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School board holds final accommodation plan workshop at Erin Public School

Discussion groups - Upper Grand District School Board held a public engagement workshop at Erin Public School on Feb. 28 as part of its Long Term Accommodation Plan process.  Photo by Jaime Myslik

School board holds final accommodation plan workshop at Erin Public School

by Jaime Myslik

ERIN - Keeping schools open was the theme of discussion at the Upper Grand District School Board’s (UGDSB) last public engagement workshop for the first phase of its Long-Term Accommodation Plan (LTAP).

Parents, teachers and stakeholders from the Erin and Guelph-Eramosa gathered at Erin Public School on Feb. 28 to participate in small group discussions about the LTAP.

The Erin workshop was one of four public engagement workshops held throughout the UGDSB catchment area.

The other workshops were at Orangeville District Secondary School on Feb. 8, Centennial Collegiate Vocational Institute in Guelph on Feb. 12 and Centre Wellington District High School in Fergus on Feb. 21. The workshop scheduled for Norwell District Secondary School on Feb. 20 was cancelled due to weather.

According to senior planner Heather Imm, more people came out to the Erin engagement workshop than any other, with more than 60 in attendance.

The goal of the public workshops was to share information.

“Our planning staff will be providing information regarding population growth trends, accommodation, enrolment trends, etcetera,” said superintendent of finance Glen Regier at the workshop.

“But it’s also an opportunity for us to hear from our school communities.”

Imm explained the LTAP is a strategic review of the board’s facilities and enrolment.

“We need to do that to ensure that the board’s accommodation needs are accommodating the number of students that it serves and the needs of the communities throughout our full jurisdiction,” she said.

In an interview with the Advertiser, UGDSB planning manager Jennifer Passy explained the board has not undertaken a comprehensive long-term plan since 2007.

“We have done other capital plans to respond to ministry initiatives like full day kindergarten leading up to 2014 when full implementation was required,” Passy explained.

“This was the opportunity to now take a fresh, holistic, board-wide approach to look at what the board’s needs are on a go-forward basis and identify priorities for future processes to address some of the accommodation issues.”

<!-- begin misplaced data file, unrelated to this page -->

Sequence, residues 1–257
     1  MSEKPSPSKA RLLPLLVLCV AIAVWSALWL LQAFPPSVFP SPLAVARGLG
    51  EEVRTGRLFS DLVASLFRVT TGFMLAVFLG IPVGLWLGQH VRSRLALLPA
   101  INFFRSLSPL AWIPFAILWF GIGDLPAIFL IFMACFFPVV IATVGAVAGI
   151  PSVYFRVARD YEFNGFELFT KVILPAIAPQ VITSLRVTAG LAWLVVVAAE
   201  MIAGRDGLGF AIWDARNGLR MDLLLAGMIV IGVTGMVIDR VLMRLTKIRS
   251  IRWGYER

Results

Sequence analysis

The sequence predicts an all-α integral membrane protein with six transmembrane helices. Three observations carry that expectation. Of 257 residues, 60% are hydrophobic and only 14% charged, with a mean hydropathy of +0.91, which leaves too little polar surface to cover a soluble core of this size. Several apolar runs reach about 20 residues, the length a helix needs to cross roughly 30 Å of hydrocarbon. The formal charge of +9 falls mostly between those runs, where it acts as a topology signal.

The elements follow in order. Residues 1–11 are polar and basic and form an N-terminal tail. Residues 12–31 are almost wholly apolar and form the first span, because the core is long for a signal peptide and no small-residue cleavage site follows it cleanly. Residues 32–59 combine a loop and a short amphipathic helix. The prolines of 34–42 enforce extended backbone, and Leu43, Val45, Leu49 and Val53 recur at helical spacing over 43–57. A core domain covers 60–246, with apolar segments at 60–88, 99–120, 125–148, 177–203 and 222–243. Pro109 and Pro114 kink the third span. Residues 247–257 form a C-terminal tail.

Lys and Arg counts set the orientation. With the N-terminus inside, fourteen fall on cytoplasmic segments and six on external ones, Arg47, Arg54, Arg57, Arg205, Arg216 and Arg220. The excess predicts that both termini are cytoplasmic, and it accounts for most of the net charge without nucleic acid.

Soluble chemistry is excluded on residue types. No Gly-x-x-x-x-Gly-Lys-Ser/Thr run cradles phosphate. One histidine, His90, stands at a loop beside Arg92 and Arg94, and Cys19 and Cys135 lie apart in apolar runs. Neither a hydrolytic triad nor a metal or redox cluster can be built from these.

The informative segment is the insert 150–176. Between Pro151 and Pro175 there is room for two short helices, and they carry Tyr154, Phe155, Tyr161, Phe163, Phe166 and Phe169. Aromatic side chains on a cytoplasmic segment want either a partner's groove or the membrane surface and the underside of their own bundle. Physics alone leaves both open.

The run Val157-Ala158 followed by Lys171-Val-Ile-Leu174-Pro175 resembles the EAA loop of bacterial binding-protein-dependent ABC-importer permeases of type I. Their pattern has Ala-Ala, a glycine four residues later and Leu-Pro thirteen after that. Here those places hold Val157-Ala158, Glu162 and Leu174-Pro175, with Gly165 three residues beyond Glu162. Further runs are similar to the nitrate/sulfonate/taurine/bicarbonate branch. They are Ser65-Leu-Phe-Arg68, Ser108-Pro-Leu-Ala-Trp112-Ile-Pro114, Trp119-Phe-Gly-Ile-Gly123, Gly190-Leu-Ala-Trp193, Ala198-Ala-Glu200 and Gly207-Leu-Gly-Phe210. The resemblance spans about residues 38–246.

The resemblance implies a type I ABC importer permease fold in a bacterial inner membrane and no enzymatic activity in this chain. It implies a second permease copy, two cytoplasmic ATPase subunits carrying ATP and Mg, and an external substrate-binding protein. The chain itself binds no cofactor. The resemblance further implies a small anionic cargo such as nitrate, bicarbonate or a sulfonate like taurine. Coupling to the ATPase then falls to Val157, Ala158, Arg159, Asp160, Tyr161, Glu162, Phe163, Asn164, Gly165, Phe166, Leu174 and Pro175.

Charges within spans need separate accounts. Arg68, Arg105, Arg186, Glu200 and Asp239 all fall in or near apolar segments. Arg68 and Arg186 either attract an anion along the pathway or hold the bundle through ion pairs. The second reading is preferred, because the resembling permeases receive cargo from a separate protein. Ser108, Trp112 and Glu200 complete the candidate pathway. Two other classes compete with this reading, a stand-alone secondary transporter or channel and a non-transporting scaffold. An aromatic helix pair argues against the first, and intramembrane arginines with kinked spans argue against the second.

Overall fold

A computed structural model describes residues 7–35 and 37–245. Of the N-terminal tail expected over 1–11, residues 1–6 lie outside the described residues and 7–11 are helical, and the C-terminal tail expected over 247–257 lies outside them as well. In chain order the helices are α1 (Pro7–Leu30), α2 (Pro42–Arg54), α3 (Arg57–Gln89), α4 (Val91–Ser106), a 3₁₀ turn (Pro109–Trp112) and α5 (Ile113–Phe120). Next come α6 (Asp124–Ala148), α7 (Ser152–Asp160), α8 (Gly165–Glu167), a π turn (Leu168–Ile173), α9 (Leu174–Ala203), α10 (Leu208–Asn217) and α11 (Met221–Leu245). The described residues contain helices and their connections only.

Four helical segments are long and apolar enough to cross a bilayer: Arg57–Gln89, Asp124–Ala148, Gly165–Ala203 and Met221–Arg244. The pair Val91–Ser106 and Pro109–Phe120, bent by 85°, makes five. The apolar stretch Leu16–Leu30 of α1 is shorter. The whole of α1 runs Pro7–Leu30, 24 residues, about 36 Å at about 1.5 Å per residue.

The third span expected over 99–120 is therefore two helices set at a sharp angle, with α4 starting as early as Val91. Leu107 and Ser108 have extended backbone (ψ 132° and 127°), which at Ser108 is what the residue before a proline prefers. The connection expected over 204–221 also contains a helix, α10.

Those issues could include school overutilization (when school enrolment is 110% over capacity), underutilization (when school enrolment is 80% under capacity), imbalances and program needs.

The board has emphasized the LTAP will not include any recommendations about school boundaries or changes to programs or schools.

“It will look at identifying areas or schools that require another process or additional study,” Imm told workshop attendees.

“It could be an accommodation review or it could be a boundary review, an impact study, something like that.”

While the Erin workshop focused exclusively on Guelph-Eramosa and Erin schools, the other three workshops covered the remaining UGDSB schools.

The presentations showed the projected utilization rates of each school for the next five and 10 years based on enrolment projections, which consider current populations and planned residential development.

Enrolment projections for schools in Erin and Guelph-Eramosa (80% to 110% is well-utilized) include:

- Brisbane Public School: 90% in 2017, 94% in five years and 101% in 10 years (if housing development starts in five years those numbers change to 90%, 95% and 107% respectively);

- Eramosa Public School: 72% in 2017, 49% in five years, 45% in 10 years;

- Erin District High School: 82% in 2017, 100% in five years, 91% in 10 years (if housing development begins in five years those numbers change to 82%, 103% and 108% respectively);

- Erin Public School: 65% in 2017, 51% in five years, 47% in 10 years (if housing development begins in five years those numbers change to 65%, 53% and 79% respectively);

- Harris Mill Public School: 93% in 2017, 94% in five years, 98% in 10 years;

- Rockwood Centennial Public School: 77% in 2017, 79% in five years, 92% in 10 years; and

- Ross R. McKay Public School: 45% in 2017, 32% in five years, 35% in 10 years (if housing development begins in five years those numbers change to 45%, 36% and 83% respectively).

For a full list of Wellington County schools visit

During the feedback portion of the Erin engagement workshop the majority of parents and stakeholders from Erin and Guelph-Eramosa said they would like their home school to remain open.

They liked small class sizes due to the favourable teacher-to-student ratio and also enjoyed the rural feel of many of the schools, the community involvement and the outdoor spaces.

However, they also said having small schools limits the number of extracurricular activities offered and the funding received.

Many of the UDGSB schools range from Kindergarten to Grade 6 and then students go to another school for Grade 7 and 8. Some parents and stakeholders suggested making their home schools a kindergarten to Grade 8 school.

The LTAP process will continue until the end of the school year.

On March 20, at the board’s Business Operations Committee meeting, trustees will receive a summary of the public engagement workshops. In April trustees will receive a draft LTAP; in May the board will facilitate further public engagement workshops; and in June the trustees will receive a final LTAP report.

For more information and to provide online feedback visit


March 9, 2018


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